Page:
Disabling Processor Cores on a Multi-Core System
Q: These days, all Macintosh computers have multiple processor cores. I'd like to temporarily turn off some of the cores to test how my Mac OS X product behaves when fewer cores are available. How can I do that?
A: You have a couple of options for changing the number of active processor cores. The first option takes effect immediately and provides a convenient user interface. The second method requires a reboot but its effect is persistent until changed.
Setting the Number of Active Cores Graphically
The simplest way to change the number of active processor cores is to use the Processor preference pane that is part of the CHUD (Computer Hardware Understanding Developer) tools. CHUD is normally installed as part of installing Xcode.
The Processor preference pane is located in
/Developer/Extras/Preference Panes. Install it by just double-clicking it in Finder. System Preferences will launch and you'll have the option to install the preference pane for either the current user or for all users.
Once the preference pane has been installed, you can use it to set the maximum number of processor cores available to the system and to start or stop any particular core on the fly.
Click "Show control in menu bar" to install a shortcut to Processor functions in the menu bar.
Select "Show Processor Palette" from the Processor menu to display a graphical representation of the available processors and their activity levels.
Click the plus or minus buttons at the lower right to start or stop cores sequentially, or click the picture of each processor to stop or start that particular core.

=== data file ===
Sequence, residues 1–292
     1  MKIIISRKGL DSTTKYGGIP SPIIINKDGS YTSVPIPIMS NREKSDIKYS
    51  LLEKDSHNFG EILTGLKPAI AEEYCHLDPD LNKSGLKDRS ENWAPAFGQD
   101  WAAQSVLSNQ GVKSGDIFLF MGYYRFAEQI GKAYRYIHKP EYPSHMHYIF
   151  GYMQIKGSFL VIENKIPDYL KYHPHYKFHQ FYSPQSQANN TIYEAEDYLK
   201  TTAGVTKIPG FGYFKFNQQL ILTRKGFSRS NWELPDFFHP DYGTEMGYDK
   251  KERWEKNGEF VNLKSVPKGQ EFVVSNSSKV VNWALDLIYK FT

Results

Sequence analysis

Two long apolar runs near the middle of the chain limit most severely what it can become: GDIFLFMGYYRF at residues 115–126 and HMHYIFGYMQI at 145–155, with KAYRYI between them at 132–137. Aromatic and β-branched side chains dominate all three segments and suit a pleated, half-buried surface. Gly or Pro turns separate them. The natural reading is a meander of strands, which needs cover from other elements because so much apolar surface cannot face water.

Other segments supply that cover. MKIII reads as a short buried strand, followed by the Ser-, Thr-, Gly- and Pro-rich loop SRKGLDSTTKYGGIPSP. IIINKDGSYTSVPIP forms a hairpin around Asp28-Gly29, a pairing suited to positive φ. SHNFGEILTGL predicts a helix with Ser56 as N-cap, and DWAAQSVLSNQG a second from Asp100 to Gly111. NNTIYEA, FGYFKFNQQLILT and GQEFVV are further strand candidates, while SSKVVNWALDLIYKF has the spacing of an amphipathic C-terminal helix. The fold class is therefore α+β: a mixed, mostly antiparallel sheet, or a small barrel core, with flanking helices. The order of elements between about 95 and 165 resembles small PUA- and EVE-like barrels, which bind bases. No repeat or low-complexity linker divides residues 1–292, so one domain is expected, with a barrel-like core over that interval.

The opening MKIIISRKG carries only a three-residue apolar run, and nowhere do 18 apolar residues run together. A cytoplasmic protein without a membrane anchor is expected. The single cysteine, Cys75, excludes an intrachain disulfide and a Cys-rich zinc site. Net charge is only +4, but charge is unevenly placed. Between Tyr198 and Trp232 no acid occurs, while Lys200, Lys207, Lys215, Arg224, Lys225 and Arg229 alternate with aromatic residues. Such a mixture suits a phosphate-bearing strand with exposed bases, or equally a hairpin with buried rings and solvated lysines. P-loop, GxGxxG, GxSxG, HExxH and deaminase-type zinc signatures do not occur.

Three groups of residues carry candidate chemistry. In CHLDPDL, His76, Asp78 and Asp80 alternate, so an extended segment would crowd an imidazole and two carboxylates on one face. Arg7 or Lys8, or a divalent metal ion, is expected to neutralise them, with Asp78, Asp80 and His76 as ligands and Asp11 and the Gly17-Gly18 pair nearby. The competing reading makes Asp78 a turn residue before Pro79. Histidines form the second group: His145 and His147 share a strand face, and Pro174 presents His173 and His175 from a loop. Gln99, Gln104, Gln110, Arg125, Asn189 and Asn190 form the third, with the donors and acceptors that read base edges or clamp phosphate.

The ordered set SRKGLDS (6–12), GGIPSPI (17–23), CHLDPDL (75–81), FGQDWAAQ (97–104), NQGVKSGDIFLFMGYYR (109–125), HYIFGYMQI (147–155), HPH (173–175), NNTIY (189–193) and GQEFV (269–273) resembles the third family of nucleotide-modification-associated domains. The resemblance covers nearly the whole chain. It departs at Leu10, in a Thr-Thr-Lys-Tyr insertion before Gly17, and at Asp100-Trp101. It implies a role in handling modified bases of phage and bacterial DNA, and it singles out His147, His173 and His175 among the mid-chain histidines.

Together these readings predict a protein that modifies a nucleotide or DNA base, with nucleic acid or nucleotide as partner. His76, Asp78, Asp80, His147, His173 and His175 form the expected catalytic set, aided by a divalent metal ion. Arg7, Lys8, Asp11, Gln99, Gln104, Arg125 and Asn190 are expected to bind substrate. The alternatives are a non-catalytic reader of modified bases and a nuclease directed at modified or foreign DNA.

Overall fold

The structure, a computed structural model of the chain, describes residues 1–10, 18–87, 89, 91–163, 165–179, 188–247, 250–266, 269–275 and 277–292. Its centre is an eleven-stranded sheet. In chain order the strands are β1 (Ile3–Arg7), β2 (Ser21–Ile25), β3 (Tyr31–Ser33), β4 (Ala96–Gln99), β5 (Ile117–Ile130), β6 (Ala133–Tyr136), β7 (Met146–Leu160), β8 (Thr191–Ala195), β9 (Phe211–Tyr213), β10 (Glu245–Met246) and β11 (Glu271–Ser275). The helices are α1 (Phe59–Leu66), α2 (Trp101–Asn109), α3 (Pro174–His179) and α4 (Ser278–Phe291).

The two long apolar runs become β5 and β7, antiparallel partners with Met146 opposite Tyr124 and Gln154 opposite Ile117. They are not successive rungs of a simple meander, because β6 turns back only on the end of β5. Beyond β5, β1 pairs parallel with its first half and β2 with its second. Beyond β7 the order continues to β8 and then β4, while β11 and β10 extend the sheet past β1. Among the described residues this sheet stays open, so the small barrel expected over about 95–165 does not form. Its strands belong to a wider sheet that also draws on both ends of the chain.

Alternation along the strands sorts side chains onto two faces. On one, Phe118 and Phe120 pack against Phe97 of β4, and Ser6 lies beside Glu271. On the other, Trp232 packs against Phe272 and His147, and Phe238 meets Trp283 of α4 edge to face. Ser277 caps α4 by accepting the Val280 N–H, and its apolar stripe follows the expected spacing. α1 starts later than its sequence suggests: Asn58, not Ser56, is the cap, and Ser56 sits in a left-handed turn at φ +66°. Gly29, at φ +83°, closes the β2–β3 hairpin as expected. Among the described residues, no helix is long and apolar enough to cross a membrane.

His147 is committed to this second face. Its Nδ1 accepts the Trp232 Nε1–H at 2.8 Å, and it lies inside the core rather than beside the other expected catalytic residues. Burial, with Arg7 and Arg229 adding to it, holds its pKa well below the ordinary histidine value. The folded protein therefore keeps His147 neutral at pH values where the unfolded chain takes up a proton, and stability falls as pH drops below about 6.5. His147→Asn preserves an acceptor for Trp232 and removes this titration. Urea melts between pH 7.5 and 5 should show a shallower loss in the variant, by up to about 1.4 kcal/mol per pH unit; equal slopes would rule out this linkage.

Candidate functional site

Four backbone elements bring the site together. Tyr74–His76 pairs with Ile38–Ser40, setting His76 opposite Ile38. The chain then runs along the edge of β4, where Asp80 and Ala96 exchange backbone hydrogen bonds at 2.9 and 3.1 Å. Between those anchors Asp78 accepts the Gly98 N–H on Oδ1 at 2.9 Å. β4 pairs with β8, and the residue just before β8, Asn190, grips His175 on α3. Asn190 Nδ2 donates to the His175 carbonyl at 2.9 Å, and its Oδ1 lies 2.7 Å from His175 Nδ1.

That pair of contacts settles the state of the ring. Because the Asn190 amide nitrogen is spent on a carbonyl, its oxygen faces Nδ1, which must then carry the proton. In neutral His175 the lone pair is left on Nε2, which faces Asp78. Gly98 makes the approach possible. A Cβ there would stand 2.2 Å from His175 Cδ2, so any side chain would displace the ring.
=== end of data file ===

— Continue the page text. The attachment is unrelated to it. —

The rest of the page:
Click the toolbar button at the upper right to show and hide the controls for customizing the processor palette.
Setting the Number of Active Cores from the Command Line
The number of active cores can also be set from the command line using the
nvram command to set the
boot-args firmware variable.
Firmware variables are written to non-volatile memory (NVRAM) when the system is shut down or restarted. The kernel only reads
boot-args at boot time. This means that, unlike using the Processor preference pane, a reboot is required to change the number of active processor cores from the command line. This also means that this setting is persistent across sleep/wake and system restarts, a useful feature for automated testing.
Follow these steps to set the number of active processor cores from the command line:
Note the current setting of
boot-argsusing the following command:
$ nvram boot-args
Enter the following command to set the number of cores to use to 1:
$ sudo nvram boot-args="cpus=1"
cpusboot argument can range from 1 up to the total number of processor cores on your system.
You will need to reenter the current value of
boot-argsif you want to preserve it. For example, if the result of step 1 was:
nvramcommand would be:
$ sudo nvram boot-args="debug=0x4 cpus=1"
Enter the administrator password when prompted.
Restart the system.
If you decide to change the setting before restarting, just run
nvram again with the desired settings which will then overwrite the previous setting. If you misspell any of the arguments such as
cpus, there is no warning, a (probably useless) new entry into NVRAM is made, and the number of active cores will be unchanged after restart.
Clearing the cpus Boot Argument
cpus boot argument will remain in effect across all system restarts until it is changed or cleared. There are two ways to clear the
nvramcommand to clear the
boot-argsfirmware variable as follows:
$ sudo nvram boot-args=""
You can clear
boot-argsby resetting your Mac's NVRAM as described in this support article. Keep in mind that this will also clear all other custom NVRAM settings.
Document Revision History
Added CHUD Processor preference pane. Removed obsolete content. Made editorial changes.
New document that describes how to disable processor cores on a multi-core system for testing purposes.